Thursday, October 08, 2009

Postcard from Strontian: Ardtornish Castle

With the agreement of the blogmaster here is a guest blog from the sloppy porridge maker on holiday with his wife, Karen, and Labrador, Meg. As regular readers will know in April 2008 the boys spent a very enjoyable weekend in the West Highlands courtesy of Peter and Elspeth Webb. This was the opportunity to revisit the Ardnamurchan peninsular and having successfully accomplished the scaling of Ben Nevis, complete with the first snow fall from about 4,000 ft, to put in a days cycling and gently exercise those leg muscles.

This wasn’t to be along the lines of a hard core TCA event or a mad dash in fading light. The plan was to put two bikes in the Petersfield tractor and drive to the Ardtornish estate at the head of Loch Aline. This was accomplished and the intrepid party of three set off along the eastern shore of the loch for Ardtornish Point and the ruined 14th century castle. The estate road stretched out in front promising a pleasant and untaxing pedal framed by the autumn colours of the loch side trees ensued with the opportunity of some bird watching along the way (herons, wading birds and buzzards). It was a fine autumnal day.

As was usual, be it a walk or cycle ride, Meg was on point duty, no matter how fast you pedalled she always kept in front, and there was no sign of fatigue after her adventures elsewhere that week.

Meg at the trig point on Ben Nevis

The three of us settled into an even pace along the estate road out to the ruined castle but on a couple of occasions the dog lead was brought into use to ensure that Meg didn’t embark on some impromptu sheep chasing and rounding up. As we came level with the settlement of Loch Aline so the Mull ferry arrived to disembark its cars and passengers and embark a new set. A short and gentle climb and 200m further on and the Sound of Mull was reached complete with a view of the eastern shore of the Isle of Mull with the looming presence of Ben More in the distance. The first glimpse of Ardtornish Castle could now be had – this had been one of the principal seats of the high chiefs of Clan Donald from the early 14th to late 15th century but was abandoned in the 17th century.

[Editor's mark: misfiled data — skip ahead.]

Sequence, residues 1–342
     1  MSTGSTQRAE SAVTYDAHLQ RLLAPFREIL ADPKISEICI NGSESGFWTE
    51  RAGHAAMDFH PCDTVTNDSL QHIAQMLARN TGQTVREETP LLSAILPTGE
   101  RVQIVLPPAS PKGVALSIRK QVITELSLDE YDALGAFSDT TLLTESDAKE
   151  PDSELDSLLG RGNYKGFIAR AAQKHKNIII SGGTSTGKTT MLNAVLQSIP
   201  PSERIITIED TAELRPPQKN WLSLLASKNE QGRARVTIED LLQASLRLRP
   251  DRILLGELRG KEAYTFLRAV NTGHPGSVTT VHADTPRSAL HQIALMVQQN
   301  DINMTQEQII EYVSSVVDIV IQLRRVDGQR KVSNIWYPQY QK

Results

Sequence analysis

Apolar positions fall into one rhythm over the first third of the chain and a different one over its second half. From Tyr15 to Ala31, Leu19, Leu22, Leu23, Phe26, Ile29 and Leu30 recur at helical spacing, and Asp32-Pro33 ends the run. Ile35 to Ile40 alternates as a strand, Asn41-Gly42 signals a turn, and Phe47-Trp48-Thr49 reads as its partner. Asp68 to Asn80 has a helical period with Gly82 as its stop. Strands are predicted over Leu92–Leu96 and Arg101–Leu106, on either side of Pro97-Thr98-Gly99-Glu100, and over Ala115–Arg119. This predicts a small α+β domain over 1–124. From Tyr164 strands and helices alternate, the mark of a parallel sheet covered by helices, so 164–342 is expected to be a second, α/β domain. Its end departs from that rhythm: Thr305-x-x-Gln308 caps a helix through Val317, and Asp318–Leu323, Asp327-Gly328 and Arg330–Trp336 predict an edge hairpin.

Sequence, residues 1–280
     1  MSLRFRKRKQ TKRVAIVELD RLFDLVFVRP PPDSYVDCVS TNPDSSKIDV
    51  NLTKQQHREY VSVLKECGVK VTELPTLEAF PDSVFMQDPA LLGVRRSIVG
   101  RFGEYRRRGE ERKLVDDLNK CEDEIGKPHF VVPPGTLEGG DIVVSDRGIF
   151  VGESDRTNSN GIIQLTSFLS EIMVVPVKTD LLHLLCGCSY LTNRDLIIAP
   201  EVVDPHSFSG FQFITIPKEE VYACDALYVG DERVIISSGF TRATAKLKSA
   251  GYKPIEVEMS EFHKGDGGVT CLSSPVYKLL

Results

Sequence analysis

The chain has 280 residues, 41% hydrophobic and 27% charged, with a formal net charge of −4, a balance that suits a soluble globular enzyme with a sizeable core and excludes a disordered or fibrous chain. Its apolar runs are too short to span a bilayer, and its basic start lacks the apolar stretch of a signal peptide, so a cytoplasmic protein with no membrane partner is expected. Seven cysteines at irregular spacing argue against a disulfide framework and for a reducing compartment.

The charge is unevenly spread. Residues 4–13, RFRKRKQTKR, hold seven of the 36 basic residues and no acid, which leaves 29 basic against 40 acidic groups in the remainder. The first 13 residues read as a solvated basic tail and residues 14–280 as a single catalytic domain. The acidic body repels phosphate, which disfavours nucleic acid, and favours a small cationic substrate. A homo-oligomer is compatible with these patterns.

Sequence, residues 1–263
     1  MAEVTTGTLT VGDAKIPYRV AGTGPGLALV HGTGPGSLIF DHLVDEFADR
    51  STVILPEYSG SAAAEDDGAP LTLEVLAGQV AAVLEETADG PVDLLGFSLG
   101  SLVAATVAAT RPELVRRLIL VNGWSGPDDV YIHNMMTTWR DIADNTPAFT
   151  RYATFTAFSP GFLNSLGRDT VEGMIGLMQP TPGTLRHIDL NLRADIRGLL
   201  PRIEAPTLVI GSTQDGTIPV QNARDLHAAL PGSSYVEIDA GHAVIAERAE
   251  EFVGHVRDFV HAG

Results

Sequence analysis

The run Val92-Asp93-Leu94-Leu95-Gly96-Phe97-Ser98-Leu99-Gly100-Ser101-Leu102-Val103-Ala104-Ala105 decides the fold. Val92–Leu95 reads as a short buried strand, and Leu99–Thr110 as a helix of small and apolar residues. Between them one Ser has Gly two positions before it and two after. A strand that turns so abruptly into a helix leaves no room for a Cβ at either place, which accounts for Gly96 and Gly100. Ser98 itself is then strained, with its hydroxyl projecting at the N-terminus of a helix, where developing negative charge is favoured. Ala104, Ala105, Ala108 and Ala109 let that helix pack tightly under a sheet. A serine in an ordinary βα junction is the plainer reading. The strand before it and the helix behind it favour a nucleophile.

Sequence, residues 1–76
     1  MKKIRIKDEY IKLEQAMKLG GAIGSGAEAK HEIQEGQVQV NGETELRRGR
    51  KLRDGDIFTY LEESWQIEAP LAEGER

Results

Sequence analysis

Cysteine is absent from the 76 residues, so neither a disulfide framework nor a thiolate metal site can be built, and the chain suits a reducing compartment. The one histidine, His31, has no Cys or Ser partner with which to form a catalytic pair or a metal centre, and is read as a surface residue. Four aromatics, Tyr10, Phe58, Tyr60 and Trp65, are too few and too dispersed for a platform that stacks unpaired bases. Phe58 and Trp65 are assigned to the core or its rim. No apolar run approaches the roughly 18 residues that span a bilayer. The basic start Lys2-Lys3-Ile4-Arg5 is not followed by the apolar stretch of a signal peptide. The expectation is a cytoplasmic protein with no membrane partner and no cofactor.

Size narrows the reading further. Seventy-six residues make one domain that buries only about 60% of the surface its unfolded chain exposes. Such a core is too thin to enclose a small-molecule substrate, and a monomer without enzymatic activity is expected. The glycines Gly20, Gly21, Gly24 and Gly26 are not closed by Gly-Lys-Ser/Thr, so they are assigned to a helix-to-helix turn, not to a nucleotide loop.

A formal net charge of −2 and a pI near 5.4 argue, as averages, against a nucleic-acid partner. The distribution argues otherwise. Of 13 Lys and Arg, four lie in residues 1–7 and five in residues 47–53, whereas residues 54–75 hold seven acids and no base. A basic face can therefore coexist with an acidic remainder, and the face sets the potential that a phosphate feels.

Ardtornish Castle and
Isle of Mull in the background

The estate roads are ideal for the leisure mountain biker primarily because there are no mountains – shame did some of you say? The ruin has no road access and the bikes were left at the nearby farm buildings and approached on foot for a picnic lunch in the shelter of the north wall so that coastal shipping in the Sound can be admired. Para Handy and the Vital Spark were absent but this would have been one of the routes the Vital Spark would have plied.

After a clamber over the castle it was time to collect the bikes and with Meg again in front we three retraced our steps back to the loch and then onwards towards the graceful presence of Ardtornish House and the nearby Kinlochaline castle.

Ardtornish House

Later your correspondent made inroads into local Scottish beverages in the time honoured TCA fashion. To absent friends – roll on Clun Mill next March

To absent friends – apologies but I drank the lot!

(Posted by: Ian)

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At 8:36 am, October 29, 2009, Blogger TCA said...


Wonderful part of the world - thanks for your contribution.


At 2:59 am, October 30, 2009, Blogger simon said...

I have a Fullers London Pride sitting at room temperature ready to be drank with reverence tonight... :o)

At 10:12 pm, November 01, 2009, Anonymous Anonymous said...

Nice work and good write up Ian. Like you say roll on Clun Mill. B.B


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